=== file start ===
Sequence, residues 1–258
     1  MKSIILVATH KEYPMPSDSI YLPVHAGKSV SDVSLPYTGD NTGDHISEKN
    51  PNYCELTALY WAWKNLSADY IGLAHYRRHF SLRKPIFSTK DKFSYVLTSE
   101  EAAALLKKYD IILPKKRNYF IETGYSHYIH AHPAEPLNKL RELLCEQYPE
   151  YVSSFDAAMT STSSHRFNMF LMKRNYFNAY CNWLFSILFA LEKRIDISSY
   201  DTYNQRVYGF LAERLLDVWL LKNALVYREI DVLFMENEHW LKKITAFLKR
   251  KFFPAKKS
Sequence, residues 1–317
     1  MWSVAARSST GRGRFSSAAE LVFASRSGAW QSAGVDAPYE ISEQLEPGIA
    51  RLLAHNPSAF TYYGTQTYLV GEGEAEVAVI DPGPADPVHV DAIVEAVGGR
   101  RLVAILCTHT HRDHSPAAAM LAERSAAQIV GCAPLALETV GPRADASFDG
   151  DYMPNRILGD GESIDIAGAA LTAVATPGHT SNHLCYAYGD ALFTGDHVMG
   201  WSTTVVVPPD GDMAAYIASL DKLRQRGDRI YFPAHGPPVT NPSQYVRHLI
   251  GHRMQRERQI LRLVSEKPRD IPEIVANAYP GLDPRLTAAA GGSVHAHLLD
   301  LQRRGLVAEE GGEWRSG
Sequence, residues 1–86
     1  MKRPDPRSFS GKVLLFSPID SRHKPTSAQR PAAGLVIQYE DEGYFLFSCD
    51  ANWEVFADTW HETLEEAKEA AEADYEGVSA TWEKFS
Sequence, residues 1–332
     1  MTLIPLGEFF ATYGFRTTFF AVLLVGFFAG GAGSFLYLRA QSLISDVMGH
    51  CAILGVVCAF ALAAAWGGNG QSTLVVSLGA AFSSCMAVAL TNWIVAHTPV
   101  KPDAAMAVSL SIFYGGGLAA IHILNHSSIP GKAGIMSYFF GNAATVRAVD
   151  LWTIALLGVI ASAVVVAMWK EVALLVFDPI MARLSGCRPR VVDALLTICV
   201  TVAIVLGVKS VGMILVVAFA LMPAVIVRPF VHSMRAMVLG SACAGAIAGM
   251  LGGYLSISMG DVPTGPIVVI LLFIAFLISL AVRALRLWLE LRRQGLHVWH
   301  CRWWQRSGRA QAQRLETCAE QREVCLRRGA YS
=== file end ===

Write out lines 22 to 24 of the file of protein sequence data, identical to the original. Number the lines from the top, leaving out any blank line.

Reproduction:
   101  KPDAAMAVSL SIFYGGGLAA IHILNHSSIP GKAGIMSYFF GNAATVRAVD
   151  LWTIALLGVI ASAVVVAMWK EVALLVFDPI MARLSGCRPR VVDALLTICV
   201  TVAIVLGVKS VGMILVVAFA LMPAVIVRPF VHSMRAMVLG SACAGAIAGM